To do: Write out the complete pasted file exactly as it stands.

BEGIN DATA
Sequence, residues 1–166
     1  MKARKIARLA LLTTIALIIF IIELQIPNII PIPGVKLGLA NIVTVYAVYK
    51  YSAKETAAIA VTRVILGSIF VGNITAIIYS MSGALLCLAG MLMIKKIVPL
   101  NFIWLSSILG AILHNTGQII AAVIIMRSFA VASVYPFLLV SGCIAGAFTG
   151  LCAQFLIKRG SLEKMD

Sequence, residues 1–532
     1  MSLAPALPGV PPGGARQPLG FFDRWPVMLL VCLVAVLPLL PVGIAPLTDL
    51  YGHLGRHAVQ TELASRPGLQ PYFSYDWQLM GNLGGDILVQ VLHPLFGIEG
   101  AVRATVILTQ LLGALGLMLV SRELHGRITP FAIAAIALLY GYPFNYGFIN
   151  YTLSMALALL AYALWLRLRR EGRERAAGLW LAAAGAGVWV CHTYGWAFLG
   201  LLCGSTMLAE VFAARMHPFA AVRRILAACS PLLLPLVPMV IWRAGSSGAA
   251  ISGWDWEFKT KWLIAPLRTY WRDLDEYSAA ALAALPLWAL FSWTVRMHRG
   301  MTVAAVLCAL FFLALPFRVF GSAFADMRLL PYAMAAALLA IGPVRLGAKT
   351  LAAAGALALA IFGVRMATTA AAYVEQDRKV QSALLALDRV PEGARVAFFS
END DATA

Sequence, residues 1–166
     1  MKARKIARLA LLTTIALIIF IIELQIPNII PIPGVKLGLA NIVTVYAVYK
    51  YSAKETAAIA VTRVILGSIF VGNITAIIYS MSGALLCLAG MLMIKKIVPL
   101  NFIWLSSILG AILHNTGQII AAVIIMRSFA VASVYPFLLV SGCIAGAFTG
   151  LCAQFLIKRG SLEKMD

Sequence, residues 1–532
     1  MSLAPALPGV PPGGARQPLG FFDRWPVMLL VCLVAVLPLL PVGIAPLTDL
    51  YGHLGRHAVQ TELASRPGLQ PYFSYDWQLM GNLGGDILVQ VLHPLFGIEG
   101  AVRATVILTQ LLGALGLMLV SRELHGRITP FAIAAIALLY GYPFNYGFIN
   151  YTLSMALALL AYALWLRLRR EGRERAAGLW LAAAGAGVWV CHTYGWAFLG
   201  LLCGSTMLAE VFAARMHPFA AVRRILAACS PLLLPLVPMV IWRAGSSGAA
   251  ISGWDWEFKT KWLIAPLRTY WRDLDEYSAA ALAALPLWAL FSWTVRMHRG
   301  MTVAAVLCAL FFLALPFRVF GSAFADMRLL PYAMAAALLA IGPVRLGAKT
   351  LAAAGALALA IFGVRMATTA AAYVEQDRKV QSALLALDRV PEGARVAFFS